Dancing badgers, talking dogs and grumpy cats; these are just a few of the hilarious treasures the Internet offers to users. What started out as an experiment in the 1960s was finally made into a reality in 1989 by Sir Tim Berners-Lee, and has now evolved into an incredible, and sometimes wacky world.
Vint Cerf, one of the ‘Fathers of the Internet’, opened the Life Online collection at the National Media Museum in March 2012. It is collaboration between Future Everything, an award winning festival and innovation lab, and the museum. Tom Woolley, curator of new media at the National Media Museum and lead curator of Life Online in 2012, said: “No other gallery in the world is dedicated to exploring how the internet’s ever-evolving history links to the impact it has on our lives”. This new collection offers the 600,000 annual visitors to the museum the chance to witness history in the making.
Life Online takes pride of place on the ground floor of the museum. Walls filled with questions invite you in to take a peek. Turning the corner into the collection, the words ‘Life Online’ scream at you in white and fluorescent pink, following questions such as ‘How was the Internet built?’ and, ‘What is the future of the internet?’.
All of these questions are answered on your way into the exhibit. Turn right and you find glass cabinets holding pioneering technology that made everything we have today possible. The first ever projectors and vinyl players sit on the edges of the collection, posters bursting with information for those of us who maybe take modern technology for granted. Turn left and you discover social networking and Internet humour. The white walls of the collection are filled with computer code and famous faces such as Mark Zuckerberg, founder of Facebook. Zukcerberg is pictured surrounded by just some of the millions of faces he has connected together on the World Wide Web, a powerful image that reflects the social networking world we live in.
Banks of bright touch screens are situated opposite this wall of fame, offering fun games and trivia. Quizzes on technology, old and new, test your knowledge of the modern world. Did you know that it only takes Google 0.1 seconds to search the entire Internet? Were you aware that in 2011, the number of people playing Farmville on Facebook equaled the entire population of China?
If trivia isn’t your thing, then other information kiosks offer histories about the founders and pioneers of the internet. Names such as Larry Roberts, creator of the very first network in 1965, are given the rightful amount of credit that they deserve. Ben Matthews, an undergraduate studying Computing Science, said: “It’s been really interesting learning about all the people who founded the research into modern technology”.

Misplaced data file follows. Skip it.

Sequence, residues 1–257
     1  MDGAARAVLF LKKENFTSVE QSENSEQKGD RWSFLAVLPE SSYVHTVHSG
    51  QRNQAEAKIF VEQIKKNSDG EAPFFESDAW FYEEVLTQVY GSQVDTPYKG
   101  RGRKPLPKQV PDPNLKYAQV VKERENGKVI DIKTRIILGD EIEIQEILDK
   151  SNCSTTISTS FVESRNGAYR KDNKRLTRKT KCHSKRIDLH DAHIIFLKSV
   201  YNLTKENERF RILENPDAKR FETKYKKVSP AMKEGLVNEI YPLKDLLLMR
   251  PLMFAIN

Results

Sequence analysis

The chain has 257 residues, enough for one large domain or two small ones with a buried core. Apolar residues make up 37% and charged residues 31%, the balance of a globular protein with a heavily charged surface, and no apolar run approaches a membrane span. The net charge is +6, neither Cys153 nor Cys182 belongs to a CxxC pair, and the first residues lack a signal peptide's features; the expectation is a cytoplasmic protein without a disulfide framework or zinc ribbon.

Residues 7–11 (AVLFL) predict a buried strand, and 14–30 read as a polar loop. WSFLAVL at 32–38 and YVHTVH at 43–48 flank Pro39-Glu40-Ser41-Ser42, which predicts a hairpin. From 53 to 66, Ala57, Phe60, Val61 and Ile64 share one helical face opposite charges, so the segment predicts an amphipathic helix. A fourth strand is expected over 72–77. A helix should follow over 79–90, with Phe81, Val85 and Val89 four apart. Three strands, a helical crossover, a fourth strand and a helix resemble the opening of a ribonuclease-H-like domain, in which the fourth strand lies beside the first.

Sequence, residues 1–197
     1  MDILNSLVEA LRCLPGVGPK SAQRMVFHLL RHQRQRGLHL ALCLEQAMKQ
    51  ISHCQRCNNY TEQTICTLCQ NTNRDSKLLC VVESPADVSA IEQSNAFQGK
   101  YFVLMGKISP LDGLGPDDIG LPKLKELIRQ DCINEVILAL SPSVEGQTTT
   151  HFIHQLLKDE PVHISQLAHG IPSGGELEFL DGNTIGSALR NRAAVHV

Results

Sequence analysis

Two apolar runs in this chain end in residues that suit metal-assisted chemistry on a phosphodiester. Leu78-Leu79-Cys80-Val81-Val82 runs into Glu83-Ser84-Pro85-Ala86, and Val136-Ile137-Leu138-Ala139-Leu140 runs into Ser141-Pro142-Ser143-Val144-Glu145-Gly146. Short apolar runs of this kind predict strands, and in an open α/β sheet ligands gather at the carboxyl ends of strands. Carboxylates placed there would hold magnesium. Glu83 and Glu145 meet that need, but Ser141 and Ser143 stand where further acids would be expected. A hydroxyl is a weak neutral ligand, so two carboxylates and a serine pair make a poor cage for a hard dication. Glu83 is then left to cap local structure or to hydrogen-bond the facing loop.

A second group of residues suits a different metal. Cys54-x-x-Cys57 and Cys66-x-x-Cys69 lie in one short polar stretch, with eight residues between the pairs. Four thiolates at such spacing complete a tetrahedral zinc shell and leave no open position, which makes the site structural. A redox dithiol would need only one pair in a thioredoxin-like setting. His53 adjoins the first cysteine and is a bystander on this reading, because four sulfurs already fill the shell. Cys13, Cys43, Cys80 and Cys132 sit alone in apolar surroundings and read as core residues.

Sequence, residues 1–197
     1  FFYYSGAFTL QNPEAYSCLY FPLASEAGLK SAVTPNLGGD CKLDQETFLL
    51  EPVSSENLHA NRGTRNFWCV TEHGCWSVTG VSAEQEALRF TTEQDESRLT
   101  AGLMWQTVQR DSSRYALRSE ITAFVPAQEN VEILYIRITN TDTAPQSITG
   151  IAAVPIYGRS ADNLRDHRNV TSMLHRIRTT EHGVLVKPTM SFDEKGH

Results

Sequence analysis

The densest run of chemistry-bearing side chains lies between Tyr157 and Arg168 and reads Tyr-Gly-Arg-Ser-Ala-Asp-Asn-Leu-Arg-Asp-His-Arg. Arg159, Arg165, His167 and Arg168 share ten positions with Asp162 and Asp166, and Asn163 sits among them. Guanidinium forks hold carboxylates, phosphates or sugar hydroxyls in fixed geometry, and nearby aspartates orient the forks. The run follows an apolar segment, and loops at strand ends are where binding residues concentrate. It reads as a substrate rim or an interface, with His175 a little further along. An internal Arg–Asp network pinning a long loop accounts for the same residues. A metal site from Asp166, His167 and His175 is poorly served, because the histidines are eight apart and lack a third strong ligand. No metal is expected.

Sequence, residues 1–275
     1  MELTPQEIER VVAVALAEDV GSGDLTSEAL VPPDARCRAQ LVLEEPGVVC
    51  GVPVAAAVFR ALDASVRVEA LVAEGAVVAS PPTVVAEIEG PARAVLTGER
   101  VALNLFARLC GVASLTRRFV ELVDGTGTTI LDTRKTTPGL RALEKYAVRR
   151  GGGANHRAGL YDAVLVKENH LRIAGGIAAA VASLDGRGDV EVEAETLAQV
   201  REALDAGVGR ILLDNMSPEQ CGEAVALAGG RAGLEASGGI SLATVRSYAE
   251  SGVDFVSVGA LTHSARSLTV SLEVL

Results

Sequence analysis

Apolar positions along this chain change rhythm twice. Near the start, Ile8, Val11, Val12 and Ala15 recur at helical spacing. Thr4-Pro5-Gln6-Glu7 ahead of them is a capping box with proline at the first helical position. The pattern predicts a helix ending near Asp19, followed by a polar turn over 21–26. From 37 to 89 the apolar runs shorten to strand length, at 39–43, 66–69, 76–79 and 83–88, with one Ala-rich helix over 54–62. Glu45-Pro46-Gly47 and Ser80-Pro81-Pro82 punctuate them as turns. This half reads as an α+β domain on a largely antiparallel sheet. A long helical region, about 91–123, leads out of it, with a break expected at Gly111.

Additional kiosks provide some fun. Mini games that put all eyes on you, your face appearing on the screen in front of you like Big Brother, and in order to switch off the cameras you must answer questions on internet security. Other games show a basic method to shutting down networks by swiping your fingers across the connections. These games bring life to an otherwise complex subject matter, and encourage those of a younger generation to interact in a fun and exciting way.
A final set of LCD screens allows you to customize your own webpage in HTML, the coding language for the internet, and then send it to yourself via email. Each step allows you to choose fonts, colours and background images, reflecting each and every change in HTML code in a screen above.
Large TVs showcase the funny side of the internet as viral videos play in unison. These distract your attention and entice you to giggle uncontrollably at clips such as PSYs international hit single, Gangnam Style, which boasts the most YouTube hits of all time.
As you wipe away tears of laughter, you notice something out of the corner of your eye; there are relics of the digital age on the floor. Not content with glass cabinets on the walls, beneath your feet are the very first personal home computers, as well as a trio of Apple’s revolutionary products that have revolutionized the way people interact with technology. Starting in the 1960s, and ending in 2010, this collection allows you to walk across half a century of technological advancement. Sadique Ahmed, IT Technician and self-confessed technology geek, visited the museum and said: “Seeing old and new technology together in one place has been a great experience”.
Finishing your tour of the Life Online collection is like reaching the end of a chapter in a novel. New chapters are written every time a new piece of technology is discovered, and a collection like this is always being expanded for future generations.